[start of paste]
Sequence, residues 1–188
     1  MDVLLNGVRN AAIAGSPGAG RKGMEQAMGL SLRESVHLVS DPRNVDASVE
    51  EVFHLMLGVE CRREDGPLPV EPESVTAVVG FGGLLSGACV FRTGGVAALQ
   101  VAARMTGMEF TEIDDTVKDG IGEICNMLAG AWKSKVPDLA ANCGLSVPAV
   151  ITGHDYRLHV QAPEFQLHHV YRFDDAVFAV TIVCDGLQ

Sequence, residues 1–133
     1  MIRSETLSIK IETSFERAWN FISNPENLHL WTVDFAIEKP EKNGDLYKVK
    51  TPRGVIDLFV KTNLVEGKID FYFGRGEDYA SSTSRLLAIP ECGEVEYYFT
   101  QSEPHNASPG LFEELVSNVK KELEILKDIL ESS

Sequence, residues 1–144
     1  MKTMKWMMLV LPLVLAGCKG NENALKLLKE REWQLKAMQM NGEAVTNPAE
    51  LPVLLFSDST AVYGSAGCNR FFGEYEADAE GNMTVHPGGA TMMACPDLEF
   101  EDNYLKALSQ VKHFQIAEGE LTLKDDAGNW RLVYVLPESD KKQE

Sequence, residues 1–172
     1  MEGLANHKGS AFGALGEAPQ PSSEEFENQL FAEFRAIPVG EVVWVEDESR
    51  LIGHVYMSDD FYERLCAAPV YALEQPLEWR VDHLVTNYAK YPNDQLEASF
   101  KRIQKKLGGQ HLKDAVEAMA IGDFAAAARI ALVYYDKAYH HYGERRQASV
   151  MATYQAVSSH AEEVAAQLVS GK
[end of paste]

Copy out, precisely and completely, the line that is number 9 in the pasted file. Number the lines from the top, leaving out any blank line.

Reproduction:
   101  QSEPHNASPG LFEELVSNVK KELEILKDIL ESS